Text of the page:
Corresponding authors of selected articles without full-text access were contacted for electronic copies of the articles. Full-text articles were downloaded, stored, and shared among investigators. Additional articles were identified through reference and citation tracking of the selected articles and relevant review articles.

Study Selection Strategy

The review team consisted of three members. Each member of the review team independently screened the titles and abstracts of the identified articles according to the inclusion/exclusion criteria. After the initial screening, the assessments of each reviewer were compared. Differences in screening results were discussed among reviewers until consensus was reached. Articles that had all reviewers' consensus were downloaded for full-text evaluation. The same reviewers individually assessed the full text of the selected articles, and articles that had all reviewers' consensus were chosen for data analysis.

Data Extraction

The data extraction protocol was developed prior to the search. The studies were categorized into three groups: (1) studies that evaluated commercial monitors with default algorithms, (2) studies that evaluated commercial monitors with custom algorithms, and (3) studies that evaluated custom monitors that were primarily research prototypes. Seven tables were constructed that described the devices used and the details of the selected studies. Appendix 2 (available online only) is an overview of the commercial and custom devices used in the selected studies. Appendixes 35 (available online only) summarize the study design, while Tables 1–3 describe the key study results of every study in each of the three groups. After reviewing the full text of the articles, two investigators independently extracted the key characteristics from each selected article following the protocol and completed these tables. Results from each investigator were compared, and consensus was achieved upon discrepancies before compiling the results.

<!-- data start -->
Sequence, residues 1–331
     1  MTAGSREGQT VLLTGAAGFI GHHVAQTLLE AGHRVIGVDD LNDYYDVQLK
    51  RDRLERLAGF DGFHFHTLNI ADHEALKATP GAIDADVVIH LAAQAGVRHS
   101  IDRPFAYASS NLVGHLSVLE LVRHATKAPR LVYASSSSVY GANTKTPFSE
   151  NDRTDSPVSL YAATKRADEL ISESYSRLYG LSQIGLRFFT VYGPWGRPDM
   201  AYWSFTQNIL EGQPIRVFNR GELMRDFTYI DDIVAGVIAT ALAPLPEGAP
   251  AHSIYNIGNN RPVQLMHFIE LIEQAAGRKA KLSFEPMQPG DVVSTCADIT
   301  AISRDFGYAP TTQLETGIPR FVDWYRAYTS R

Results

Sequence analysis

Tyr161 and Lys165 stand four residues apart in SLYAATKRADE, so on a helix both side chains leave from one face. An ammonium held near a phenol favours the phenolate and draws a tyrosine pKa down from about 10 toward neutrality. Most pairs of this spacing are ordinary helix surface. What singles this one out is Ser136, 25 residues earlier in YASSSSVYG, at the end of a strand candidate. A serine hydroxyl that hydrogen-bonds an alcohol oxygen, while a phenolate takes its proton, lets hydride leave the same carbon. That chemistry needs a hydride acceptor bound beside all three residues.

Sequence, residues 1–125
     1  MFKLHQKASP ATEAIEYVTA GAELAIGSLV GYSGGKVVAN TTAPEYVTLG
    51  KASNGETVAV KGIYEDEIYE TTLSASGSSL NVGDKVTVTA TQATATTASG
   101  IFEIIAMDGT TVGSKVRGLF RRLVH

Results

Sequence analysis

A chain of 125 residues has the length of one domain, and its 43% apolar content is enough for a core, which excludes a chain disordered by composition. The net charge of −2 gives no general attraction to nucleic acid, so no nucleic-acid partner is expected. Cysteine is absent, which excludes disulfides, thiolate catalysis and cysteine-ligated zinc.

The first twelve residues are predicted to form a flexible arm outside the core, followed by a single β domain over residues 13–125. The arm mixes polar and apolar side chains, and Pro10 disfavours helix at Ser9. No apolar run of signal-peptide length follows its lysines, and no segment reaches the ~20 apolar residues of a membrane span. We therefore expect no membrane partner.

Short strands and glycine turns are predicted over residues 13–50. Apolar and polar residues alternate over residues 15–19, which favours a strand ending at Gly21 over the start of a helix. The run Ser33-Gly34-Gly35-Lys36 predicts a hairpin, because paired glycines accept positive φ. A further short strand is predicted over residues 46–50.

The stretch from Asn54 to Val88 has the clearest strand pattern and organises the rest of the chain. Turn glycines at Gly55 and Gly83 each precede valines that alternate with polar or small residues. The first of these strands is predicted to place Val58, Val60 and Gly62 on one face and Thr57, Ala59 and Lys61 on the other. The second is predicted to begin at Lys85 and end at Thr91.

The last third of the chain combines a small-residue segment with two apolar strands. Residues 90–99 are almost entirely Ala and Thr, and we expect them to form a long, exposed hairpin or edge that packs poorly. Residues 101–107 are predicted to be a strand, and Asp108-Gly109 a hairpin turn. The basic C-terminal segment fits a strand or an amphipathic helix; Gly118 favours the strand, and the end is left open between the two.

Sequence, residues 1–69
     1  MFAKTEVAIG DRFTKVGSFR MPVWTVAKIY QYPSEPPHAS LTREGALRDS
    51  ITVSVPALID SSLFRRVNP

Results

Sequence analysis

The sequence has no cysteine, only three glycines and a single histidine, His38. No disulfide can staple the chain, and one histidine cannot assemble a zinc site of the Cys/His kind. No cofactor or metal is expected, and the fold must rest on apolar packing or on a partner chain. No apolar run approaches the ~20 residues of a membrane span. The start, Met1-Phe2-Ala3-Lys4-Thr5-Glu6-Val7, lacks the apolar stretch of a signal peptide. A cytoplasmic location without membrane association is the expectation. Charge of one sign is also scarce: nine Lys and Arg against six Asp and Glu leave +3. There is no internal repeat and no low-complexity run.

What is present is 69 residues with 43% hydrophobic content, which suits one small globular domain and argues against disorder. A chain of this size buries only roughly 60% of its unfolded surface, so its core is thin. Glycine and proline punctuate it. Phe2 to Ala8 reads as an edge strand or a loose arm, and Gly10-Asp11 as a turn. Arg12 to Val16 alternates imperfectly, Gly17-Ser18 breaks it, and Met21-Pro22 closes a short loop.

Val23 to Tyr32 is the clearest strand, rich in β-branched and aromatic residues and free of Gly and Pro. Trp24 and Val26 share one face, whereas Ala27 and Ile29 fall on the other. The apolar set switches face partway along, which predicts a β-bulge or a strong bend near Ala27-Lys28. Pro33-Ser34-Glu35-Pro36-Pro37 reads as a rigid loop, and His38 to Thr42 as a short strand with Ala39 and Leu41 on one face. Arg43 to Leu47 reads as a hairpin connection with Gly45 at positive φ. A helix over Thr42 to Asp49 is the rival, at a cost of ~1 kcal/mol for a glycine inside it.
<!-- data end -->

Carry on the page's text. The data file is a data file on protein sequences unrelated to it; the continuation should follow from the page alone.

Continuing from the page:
Table 1. 
Energy cost
TDEE: R2: 0.69, p = 0.003